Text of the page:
Protect Your Business From Fires | What Could Cause it?
Business owners have many responsibilities, with one of them being safety factors to take into consideration regarding risks to your business, staff and visitors. One of those risks that needs some extra consideration is planning for and working toward preventing fires.
Leading Causes of Commercial Structure Fires
According to a report published by the National Fire Protection Association (NFPA) the leading causes of structure fires in office properties from 2007–2011 were (in order):
- Cooking equipment, 29% of fires
- Electrical distribution and lighting equipment, 12% of fires
- Heating equipment, 11% of fires
- Intentional, 10% of fires
- Smoking materials, 9% of fires
- Exposure, 4% of fires
- Electronic, office or entertainment equipment, 3% of fires
Of those causes, intentional, exposure, and electrical distribution and lighting equipment accounted for the most property damage with 20%, 18% and 15% respectively.
The Bureau of Labor Statistics found that in 2007, fires and explosions accounted for 3% of all workplace fatalities.
In more recent studies, the NFPA estimates that from 2007–2011, U.S. fire departments responded to an average of 3,340 fires at office properties per year. Those fires were responsible for an annual average of four deaths, 44 injuries and $112 million in direct property damage.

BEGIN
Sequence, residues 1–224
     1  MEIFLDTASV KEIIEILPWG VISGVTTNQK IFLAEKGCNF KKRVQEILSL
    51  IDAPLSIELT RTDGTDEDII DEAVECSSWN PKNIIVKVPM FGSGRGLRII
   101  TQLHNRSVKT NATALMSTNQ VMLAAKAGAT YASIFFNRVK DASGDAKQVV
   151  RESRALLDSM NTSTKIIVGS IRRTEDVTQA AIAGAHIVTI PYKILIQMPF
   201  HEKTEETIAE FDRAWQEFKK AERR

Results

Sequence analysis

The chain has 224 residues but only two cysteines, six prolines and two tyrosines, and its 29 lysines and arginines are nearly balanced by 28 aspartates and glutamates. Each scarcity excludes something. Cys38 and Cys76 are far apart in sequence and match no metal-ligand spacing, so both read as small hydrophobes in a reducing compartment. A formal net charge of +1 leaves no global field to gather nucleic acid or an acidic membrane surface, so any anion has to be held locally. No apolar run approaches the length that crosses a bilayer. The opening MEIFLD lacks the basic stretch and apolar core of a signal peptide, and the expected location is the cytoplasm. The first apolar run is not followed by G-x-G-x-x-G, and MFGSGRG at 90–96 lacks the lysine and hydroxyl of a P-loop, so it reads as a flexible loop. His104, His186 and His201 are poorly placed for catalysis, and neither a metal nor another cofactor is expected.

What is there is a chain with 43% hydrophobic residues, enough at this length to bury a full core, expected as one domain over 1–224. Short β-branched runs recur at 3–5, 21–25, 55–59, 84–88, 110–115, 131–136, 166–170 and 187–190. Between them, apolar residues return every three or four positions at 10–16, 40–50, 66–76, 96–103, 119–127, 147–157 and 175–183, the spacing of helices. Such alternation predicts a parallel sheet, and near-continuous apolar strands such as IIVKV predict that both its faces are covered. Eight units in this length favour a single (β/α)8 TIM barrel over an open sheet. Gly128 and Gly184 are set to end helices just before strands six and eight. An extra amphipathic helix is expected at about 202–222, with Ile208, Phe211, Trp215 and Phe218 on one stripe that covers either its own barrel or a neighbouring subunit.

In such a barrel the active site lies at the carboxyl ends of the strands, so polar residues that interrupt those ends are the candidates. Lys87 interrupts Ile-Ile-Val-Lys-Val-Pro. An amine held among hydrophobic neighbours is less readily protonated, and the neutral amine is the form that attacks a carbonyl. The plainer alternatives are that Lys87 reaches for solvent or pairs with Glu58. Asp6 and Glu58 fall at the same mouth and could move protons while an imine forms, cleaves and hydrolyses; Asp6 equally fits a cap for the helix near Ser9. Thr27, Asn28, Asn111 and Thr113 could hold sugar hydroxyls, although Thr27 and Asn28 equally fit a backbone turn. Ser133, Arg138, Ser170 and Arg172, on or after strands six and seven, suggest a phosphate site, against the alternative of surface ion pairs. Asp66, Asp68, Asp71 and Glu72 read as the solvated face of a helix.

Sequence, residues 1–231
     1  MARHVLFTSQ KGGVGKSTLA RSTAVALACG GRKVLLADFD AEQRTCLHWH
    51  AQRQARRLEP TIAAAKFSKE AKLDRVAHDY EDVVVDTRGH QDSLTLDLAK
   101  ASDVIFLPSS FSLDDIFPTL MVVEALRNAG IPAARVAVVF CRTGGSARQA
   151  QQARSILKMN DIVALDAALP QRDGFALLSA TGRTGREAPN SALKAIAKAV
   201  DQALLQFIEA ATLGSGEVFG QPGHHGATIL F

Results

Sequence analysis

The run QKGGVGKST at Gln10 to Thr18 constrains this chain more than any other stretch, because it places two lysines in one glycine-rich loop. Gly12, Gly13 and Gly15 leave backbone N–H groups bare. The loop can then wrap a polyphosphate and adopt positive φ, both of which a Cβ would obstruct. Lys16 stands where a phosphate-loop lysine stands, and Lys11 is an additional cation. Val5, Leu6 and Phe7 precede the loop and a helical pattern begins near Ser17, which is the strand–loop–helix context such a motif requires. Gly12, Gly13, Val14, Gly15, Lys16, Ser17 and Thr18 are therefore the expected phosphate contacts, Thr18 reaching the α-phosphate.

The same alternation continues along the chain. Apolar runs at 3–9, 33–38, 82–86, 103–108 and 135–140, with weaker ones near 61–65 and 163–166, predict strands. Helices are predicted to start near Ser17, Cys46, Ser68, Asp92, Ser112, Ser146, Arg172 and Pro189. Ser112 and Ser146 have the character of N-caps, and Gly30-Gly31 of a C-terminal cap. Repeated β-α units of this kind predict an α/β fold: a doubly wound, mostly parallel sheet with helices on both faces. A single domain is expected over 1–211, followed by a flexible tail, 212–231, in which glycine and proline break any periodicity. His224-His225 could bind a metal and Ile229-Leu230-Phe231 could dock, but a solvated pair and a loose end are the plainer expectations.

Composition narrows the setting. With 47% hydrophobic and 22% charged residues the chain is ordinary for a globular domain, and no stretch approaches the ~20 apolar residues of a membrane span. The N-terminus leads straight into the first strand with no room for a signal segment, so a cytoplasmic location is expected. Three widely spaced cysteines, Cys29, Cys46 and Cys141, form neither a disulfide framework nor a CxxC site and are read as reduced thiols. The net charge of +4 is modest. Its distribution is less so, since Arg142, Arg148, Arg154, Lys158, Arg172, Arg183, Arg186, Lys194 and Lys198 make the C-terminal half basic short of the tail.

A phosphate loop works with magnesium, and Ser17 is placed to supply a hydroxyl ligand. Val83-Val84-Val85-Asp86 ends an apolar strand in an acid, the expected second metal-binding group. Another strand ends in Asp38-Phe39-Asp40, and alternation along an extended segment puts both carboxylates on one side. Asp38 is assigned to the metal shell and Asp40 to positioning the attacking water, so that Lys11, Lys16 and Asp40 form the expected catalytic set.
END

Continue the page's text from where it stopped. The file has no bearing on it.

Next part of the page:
Protect Your Business
By focusing on fire risk assessment, fire prevention and staff education, you can take steps to protect your business from a fire risk and help reduce the chance of a fire breaking out.
First, you must assess the fire hazard risk. Fire marshals are often offered in some areas by the local government. During a visit, the fire marshal can offer advice and help identify your business’ risks, providing guidance on your fire prevention plan.
You’ll want to make sure you have chosen the right fire protection equipment. This should include an automatic sprinkler system, smoke detectors and fire extinguishers on each floor.
Finally, and more importantly, consider your employees and visitors. By creating a fire prevention and evacuation plan and reviewing it with your staff, you’ll be making sure everyone knows what to do in the case of a fire. Conduct regular fire drills at least annually to keep the fire safety protocol fresh, and take time to review evacuation plans and routes and also the location of first-aid kits.
Despite best efforts with fire prevention and safety tips, the worst could always happen at your business. If a fire has damaged your business, SERVPRO® of Central Union County is available to help make it "Like it never even happened."